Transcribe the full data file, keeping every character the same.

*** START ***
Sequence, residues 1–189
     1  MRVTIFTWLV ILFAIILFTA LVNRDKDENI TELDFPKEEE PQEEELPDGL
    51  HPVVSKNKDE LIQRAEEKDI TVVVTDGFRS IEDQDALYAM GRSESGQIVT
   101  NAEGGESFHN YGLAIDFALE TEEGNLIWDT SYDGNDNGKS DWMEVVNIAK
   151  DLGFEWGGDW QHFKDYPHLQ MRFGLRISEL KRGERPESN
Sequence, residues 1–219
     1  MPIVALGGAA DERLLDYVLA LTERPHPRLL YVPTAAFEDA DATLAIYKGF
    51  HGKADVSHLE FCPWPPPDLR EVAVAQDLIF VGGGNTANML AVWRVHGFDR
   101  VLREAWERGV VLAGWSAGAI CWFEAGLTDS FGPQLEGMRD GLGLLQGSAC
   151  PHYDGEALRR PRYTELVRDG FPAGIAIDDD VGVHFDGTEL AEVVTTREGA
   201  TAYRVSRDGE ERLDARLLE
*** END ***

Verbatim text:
Sequence, residues 1–189
     1  MRVTIFTWLV ILFAIILFTA LVNRDKDENI TELDFPKEEE PQEEELPDGL
    51  HPVVSKNKDE LIQRAEEKDI TVVVTDGFRS IEDQDALYAM GRSESGQIVT
   101  NAEGGESFHN YGLAIDFALE TEEGNLIWDT SYDGNDNGKS DWMEVVNIAK
   151  DLGFEWGGDW QHFKDYPHLQ MRFGLRISEL KRGERPESN
Sequence, residues 1–219
     1  MPIVALGGAA DERLLDYVLA LTERPHPRLL YVPTAAFEDA DATLAIYKGF
    51  HGKADVSHLE FCPWPPPDLR EVAVAQDLIF VGGGNTANML AVWRVHGFDR
   101  VLREAWERGV VLAGWSAGAI CWFEAGLTDS FGPQLEGMRD GLGLLQGSAC
   151  PHYDGEALRR PRYTELVRDG FPAGIAIDDD VGVHFDGTEL AEVVTTREGA
   201  TAYRVSRDGE ERLDARLLE